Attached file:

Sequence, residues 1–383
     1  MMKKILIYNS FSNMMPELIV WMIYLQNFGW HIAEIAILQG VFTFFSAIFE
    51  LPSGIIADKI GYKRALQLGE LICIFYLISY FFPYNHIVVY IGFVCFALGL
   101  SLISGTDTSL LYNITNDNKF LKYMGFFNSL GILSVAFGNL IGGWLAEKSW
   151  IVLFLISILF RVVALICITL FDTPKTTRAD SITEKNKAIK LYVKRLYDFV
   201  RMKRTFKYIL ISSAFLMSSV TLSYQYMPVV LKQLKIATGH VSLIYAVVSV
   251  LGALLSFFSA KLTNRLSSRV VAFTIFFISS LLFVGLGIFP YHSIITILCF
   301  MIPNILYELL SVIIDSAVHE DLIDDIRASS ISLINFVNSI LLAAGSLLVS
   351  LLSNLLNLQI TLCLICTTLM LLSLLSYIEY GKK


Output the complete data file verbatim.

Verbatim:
Sequence, residues 1–383
     1  MMKKILIYNS FSNMMPELIV WMIYLQNFGW HIAEIAILQG VFTFFSAIFE
    51  LPSGIIADKI GYKRALQLGE LICIFYLISY FFPYNHIVVY IGFVCFALGL
   101  SLISGTDTSL LYNITNDNKF LKYMGFFNSL GILSVAFGNL IGGWLAEKSW
   151  IVLFLISILF RVVALICITL FDTPKTTRAD SITEKNKAIK LYVKRLYDFV
   201  RMKRTFKYIL ISSAFLMSSV TLSYQYMPVV LKQLKIATGH VSLIYAVVSV
   251  LGALLSFFSA KLTNRLSSRV VAFTIFFISS LLFVGLGIFP YHSIITILCF
   301  MIPNILYELL SVIIDSAVHE DLIDDIRASS ISLINFVNSI LLAAGSLLVS
   351  LLSNLLNLQI TLCLICTTLM LLSLLSYIEY GKK